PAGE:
Tuesday, November 14, 2023

When I grew up

When I was in first grade I decided I wanted to be a teacher.

All through school I paid attention to what teachers did and how, and why (when I could figure that out, which was pretty often). And I asked the other kids what they liked about teachers and what they didn’t. So I learned LOTS and lots about how learning works and what factors work for different kinds of people.

When I was older, 13/14 or so, I wanted to become a missionary (still teaching-related), or to work at a magazine. And it seems all those rolled together are what I’ve become. I write, and I help people have happier more peaceful lives, and it’s all about learning. So in a natural-learning way I’ve been working up to this always.

I wrote the above in an online exchange for Mothering Magazine in 2007.

Recently, I remembered another writing-related profession I had seriously considered for a short while in my late 20's. I had read that the Hallmark Cards company was hiring writers, in Kansas City. I thought I could do that! I knew nothing about Kansas City, and decided I didn't want to move, but while I thought about applying, writing mushy or funny or inspiring words to go with an image sounded easy and fun.

When this blog was already ten years old, I remembered the greeting-card thoughts, and saw that Just Add Light and Stir is much like a greeting-card collection. Some are funny, or mushy, and many are inspiring. Some are seasonal, and some are about babies. With over 4,680 posts, I guess I have inadvertently written some greeting cards.

The top section was originally published in 2021, with a video. The permission to use that video was forgotten about and the organizer said no, when I reminded her. That post said "...with over 4,000 posts" but today there are 4,687. Thank you for reading.

Just Add Light and Stir on my site
The snowglobe image above was by an artist at Fiverr in 2017.

Monday, November 13, 2023

It's invisible, until...

Sandra, responding to a mom who said her son only wanted to play, play, play.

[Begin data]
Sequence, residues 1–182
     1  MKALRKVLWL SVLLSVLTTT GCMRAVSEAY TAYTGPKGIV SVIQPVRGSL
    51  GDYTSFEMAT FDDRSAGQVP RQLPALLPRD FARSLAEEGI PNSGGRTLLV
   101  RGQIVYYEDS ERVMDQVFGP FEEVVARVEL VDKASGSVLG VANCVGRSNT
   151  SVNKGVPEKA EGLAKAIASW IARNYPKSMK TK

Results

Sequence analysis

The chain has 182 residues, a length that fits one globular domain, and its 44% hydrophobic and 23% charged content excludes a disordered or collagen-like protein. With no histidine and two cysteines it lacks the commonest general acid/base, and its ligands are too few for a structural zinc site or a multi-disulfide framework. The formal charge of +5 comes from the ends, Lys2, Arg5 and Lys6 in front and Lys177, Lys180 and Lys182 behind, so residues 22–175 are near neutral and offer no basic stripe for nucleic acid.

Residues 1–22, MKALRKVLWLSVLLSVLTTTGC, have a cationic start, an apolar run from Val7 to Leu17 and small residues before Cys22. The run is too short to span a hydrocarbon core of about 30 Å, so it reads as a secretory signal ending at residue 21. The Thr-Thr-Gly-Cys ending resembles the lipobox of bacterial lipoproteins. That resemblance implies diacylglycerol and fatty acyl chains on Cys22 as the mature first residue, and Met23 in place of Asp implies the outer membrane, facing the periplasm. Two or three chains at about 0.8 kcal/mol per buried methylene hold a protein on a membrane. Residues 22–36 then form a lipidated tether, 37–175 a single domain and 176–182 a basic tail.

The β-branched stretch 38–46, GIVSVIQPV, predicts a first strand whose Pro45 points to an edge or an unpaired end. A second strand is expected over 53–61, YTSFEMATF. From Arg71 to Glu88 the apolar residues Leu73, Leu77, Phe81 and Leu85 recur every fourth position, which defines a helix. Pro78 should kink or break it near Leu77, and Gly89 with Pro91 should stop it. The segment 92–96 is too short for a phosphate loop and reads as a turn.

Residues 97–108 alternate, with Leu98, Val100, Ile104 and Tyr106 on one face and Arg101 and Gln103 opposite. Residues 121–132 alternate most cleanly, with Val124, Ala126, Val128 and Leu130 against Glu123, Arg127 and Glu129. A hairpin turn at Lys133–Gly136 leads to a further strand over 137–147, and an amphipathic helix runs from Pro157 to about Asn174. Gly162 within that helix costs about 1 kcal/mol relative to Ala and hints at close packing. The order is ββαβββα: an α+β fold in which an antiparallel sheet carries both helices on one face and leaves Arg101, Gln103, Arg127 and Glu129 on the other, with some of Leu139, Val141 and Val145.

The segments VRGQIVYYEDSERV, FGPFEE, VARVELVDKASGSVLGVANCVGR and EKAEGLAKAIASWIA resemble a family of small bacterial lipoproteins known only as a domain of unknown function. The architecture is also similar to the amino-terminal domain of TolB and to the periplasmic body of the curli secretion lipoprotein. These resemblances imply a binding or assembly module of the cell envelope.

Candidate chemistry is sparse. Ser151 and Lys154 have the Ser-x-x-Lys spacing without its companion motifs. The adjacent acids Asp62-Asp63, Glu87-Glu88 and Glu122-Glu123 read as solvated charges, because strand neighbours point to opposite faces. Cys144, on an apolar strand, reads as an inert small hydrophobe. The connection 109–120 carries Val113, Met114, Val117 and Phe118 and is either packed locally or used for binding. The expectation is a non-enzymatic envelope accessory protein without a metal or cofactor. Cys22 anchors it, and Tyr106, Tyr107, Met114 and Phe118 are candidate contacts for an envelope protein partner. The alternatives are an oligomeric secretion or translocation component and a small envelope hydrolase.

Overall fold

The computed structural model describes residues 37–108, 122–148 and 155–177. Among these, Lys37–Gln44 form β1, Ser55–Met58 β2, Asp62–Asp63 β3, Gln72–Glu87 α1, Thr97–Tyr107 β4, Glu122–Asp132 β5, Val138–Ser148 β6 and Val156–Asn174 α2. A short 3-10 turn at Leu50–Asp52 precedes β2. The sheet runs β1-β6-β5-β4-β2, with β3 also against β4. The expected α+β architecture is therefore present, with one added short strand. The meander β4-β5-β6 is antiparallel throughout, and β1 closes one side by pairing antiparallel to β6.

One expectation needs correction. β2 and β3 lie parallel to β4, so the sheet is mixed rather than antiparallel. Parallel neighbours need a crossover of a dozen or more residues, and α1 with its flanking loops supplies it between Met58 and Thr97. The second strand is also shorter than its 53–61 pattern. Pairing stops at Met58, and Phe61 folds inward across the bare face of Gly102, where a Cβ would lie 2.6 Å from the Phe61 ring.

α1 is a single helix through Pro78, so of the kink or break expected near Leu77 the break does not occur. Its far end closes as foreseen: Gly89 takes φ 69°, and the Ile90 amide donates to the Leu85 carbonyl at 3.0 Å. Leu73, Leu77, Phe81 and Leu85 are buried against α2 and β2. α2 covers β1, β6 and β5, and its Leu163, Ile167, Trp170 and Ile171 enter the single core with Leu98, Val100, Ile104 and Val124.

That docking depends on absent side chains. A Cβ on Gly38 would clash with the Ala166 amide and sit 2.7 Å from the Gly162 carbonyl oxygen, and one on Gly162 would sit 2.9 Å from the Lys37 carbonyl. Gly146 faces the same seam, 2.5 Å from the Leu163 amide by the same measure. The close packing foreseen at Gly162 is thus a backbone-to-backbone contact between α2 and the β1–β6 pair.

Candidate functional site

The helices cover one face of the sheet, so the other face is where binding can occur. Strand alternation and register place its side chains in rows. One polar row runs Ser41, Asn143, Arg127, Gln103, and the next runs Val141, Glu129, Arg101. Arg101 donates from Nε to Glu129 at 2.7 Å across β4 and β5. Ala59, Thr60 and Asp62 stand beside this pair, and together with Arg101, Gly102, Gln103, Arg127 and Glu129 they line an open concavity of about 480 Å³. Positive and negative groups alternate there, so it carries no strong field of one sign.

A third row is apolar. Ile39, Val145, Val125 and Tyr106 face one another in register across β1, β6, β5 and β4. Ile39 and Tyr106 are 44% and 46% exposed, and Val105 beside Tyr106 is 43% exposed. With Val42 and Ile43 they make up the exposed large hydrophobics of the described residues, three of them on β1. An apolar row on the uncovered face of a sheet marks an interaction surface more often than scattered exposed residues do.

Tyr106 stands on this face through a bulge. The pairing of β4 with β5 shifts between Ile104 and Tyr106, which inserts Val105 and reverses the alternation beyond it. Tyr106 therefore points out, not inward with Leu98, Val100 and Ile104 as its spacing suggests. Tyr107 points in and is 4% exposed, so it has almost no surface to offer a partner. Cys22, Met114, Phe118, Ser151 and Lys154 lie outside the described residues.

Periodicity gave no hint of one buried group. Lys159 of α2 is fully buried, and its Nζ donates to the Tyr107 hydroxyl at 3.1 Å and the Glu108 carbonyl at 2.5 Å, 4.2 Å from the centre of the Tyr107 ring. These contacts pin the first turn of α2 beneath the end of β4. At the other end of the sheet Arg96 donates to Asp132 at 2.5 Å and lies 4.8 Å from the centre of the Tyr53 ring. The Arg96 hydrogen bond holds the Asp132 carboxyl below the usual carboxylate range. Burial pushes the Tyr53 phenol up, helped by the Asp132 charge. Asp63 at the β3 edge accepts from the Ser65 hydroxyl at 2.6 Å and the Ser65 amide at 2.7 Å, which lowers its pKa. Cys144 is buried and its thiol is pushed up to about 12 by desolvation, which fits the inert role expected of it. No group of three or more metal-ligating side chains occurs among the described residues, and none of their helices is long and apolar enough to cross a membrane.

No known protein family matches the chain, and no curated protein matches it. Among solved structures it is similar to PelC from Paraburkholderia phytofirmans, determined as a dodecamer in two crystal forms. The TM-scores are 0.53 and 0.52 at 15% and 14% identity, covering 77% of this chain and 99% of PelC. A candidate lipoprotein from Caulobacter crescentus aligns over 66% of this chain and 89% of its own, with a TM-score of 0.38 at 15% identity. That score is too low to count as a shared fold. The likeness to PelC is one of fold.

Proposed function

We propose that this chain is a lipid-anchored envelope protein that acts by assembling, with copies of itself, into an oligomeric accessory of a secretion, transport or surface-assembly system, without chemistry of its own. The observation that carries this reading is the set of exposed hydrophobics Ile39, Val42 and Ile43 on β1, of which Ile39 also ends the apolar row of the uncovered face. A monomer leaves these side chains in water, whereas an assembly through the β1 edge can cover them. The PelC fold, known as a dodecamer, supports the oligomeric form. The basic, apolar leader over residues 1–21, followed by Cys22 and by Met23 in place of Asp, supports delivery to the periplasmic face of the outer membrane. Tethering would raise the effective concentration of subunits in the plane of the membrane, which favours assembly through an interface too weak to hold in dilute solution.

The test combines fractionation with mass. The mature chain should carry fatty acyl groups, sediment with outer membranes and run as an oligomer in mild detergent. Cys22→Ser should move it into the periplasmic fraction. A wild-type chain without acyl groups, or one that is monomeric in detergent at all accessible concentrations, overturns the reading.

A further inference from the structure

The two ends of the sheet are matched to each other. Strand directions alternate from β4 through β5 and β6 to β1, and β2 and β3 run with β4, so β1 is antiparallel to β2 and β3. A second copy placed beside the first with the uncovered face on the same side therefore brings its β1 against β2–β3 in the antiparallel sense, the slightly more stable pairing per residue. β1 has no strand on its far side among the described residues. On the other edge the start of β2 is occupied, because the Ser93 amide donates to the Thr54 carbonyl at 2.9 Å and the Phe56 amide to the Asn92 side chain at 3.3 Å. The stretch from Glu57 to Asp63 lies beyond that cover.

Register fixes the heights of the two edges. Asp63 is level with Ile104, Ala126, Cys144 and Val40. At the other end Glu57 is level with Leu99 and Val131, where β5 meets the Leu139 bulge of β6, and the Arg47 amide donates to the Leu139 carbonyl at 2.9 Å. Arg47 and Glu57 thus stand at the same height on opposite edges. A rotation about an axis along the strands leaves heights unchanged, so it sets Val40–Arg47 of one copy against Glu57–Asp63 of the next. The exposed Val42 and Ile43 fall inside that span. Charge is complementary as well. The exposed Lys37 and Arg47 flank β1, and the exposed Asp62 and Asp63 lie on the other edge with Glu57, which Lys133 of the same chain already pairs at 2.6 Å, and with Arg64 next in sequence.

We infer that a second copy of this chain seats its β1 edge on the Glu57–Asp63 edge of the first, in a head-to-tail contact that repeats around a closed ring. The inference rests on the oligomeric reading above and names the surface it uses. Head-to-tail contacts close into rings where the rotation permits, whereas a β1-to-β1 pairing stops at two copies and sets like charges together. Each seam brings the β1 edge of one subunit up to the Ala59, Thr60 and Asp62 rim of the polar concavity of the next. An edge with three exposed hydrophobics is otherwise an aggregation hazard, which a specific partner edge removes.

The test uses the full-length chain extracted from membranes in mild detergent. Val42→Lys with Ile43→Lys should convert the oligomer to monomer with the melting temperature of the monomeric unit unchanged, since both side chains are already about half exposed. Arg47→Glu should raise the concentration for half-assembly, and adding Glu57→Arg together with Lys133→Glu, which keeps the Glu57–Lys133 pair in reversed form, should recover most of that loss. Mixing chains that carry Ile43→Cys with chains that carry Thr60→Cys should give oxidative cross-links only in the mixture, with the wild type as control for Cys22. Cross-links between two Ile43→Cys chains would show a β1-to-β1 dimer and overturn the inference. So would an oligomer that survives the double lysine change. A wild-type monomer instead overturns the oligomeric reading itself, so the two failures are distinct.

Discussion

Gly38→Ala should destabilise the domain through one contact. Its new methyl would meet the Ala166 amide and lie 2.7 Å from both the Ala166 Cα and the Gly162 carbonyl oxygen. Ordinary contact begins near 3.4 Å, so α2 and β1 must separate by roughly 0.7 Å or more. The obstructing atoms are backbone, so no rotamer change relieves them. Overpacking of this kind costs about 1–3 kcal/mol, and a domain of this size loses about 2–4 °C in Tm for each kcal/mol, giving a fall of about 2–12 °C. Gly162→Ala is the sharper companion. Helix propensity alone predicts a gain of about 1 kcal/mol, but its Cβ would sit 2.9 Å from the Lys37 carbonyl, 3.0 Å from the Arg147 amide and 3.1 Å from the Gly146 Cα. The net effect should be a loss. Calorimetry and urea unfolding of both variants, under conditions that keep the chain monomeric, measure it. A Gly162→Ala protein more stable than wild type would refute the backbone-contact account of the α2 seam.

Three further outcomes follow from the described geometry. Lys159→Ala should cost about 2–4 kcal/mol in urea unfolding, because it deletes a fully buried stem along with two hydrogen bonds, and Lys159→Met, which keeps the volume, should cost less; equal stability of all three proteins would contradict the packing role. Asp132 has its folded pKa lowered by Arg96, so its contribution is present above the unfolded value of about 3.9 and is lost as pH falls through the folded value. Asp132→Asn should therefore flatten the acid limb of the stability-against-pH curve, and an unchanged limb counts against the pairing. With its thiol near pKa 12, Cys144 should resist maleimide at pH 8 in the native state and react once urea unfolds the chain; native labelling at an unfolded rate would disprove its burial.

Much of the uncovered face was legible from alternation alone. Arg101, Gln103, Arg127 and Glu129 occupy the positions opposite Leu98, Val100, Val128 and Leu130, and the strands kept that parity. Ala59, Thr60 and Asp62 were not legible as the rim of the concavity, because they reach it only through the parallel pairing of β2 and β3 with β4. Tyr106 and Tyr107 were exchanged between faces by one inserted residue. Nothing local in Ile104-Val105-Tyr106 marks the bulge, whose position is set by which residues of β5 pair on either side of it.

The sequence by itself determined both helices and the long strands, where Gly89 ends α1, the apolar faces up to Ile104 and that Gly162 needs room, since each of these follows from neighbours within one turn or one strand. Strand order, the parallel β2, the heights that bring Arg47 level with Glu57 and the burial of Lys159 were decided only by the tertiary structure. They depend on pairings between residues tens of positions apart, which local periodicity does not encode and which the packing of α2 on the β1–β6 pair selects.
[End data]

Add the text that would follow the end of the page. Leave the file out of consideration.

You’re looking for school. Because you don’t know what unschooling looks like, you can’t see it. It’s invisible to people who haven’t deschooled.

Because you’re pressuring your son, he can’t deschool. His deschooling won’t take as long as yours will, but if you never leave him along he will never deschool.

If you don’t stop looking for school, YOU will never deschool.
The words above are from a longer post, here.

I also noted, of her nine-year old who was new to unschooling, "Play, play, play is what he should be doing. Nothing else. Only playing."

Deschooling is recovery, and is a major reset of perception and of focus. It's always awkward, and sometimes scary for parents, but it's necessary and leads to visible unschooling!

photo by Roya Dedeaux

Sunday, November 12, 2023

Passing a passion on

When we stop looking at our kids and what they do through schooly glasses, we're no longer concerned about how long they've been interested in something, or how much time they've spent doing something but rather we're in there with them, their passion leaking onto us and giving us a bit of that passion too. It just becomes life and living, not some thing they're doing because it's good for them or because they'll need it when they're an adult or whatever other reason school says kids should do things.
—Kim H.

photo by Roya Dedeaux

Saturday, November 11, 2023

Expand your world

Jen Keefe wrote:

Getting to know my kids and subsequently all the amazingly cool "nerdy" things I never would have learned about otherwise has expanded my world. Cynicism always shrunk it.
—Jen Keefe

photo by Marin Holmes, in Tokyo

Friday, November 10, 2023

Empower and enliven!

photo from a car in a tunnel without other cars

Anything you feel you "have to" do is entrapping and stiffling.

Something you *choose* to do can be empowering and enlivening.

photo by Marty Dodd

Thursday, November 9, 2023


It's not about "success," it's about progress, and living in the moment as well as possible.

photo by Sabine Mellinger

Wednesday, November 8, 2023

Safe at home

"He should be safe in his own home" is a good thing to remember about a child. It can be said to visitors, to siblings, and reflexively to oneself when making a decision. An adult partner should be safe in his own home, too.

photo by Julie D